De-Mail is the name of a communication system based on email but technically separate from it, designed for “secure, confidential and trackable” communication online. De-Mail is generally realised and operated by private companies known as De-Mail providers.

The main goal of De Mail is to send and receive messages and documents over the internet in a confidential, secure and trackable fashion, and therefore to establish a digital equivalent of today’s physical mail service. The “Bürgerportale” project, which was later renamed De Mail, responded to a lack of support for the electronic court and administration mail system known as EGVP. As early as 2006, EGVP received criticism, since its supposed security advantages based on the XML-based OSCI protocol were equally achievable using email specifications (SMTP/S/MIME), and there was no need for state-sponsored compulsory communication using an EGVP system.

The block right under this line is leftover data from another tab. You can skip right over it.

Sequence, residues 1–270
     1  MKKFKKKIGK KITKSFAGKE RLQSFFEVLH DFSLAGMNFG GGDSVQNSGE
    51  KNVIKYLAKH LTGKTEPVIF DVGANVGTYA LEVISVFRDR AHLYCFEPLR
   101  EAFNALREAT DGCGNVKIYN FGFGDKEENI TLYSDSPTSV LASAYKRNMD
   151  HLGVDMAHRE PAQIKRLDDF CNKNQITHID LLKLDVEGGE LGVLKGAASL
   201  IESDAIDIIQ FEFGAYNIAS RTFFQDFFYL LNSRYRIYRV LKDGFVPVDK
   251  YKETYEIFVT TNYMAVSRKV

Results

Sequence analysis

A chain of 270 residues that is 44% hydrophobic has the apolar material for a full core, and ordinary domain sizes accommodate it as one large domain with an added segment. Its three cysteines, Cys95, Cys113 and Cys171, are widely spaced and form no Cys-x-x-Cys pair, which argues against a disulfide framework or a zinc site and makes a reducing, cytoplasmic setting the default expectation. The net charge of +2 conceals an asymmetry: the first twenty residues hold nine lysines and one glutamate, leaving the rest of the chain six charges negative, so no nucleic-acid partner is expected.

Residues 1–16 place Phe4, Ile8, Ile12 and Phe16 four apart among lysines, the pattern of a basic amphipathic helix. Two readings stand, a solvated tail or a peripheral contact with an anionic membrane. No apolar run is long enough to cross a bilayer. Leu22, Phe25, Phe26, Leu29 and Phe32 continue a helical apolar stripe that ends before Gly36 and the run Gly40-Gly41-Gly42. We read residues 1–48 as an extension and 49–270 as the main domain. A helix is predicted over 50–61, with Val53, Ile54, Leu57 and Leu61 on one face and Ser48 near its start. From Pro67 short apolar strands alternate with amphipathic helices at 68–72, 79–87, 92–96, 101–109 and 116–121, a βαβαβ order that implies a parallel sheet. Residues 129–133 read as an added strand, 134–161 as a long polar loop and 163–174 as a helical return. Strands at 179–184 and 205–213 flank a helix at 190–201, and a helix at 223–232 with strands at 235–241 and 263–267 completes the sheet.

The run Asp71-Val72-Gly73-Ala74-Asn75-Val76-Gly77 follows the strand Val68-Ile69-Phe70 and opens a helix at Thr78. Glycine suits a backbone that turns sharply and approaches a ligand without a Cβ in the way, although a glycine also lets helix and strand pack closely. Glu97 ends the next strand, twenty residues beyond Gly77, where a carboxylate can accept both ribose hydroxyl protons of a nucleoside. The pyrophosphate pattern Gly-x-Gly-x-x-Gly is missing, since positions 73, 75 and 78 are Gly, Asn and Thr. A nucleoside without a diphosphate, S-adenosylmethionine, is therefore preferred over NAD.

De-Mail partially acknowledged these criticisms and aims to make it possible for private providers to offer secure, legally-binding email communication based on international standards. The state itself does not provide the De-Mail service; rather, certified providers are tasked with this role. These providers are loaned against security; in other words, they remain sovereign in terms of the public services they provide. In implementing De-Mail, the German federal government is implementing EU service guidelines within national law. The guidelines require public agencies to accept digital communications as a binding medium by the end of 2009.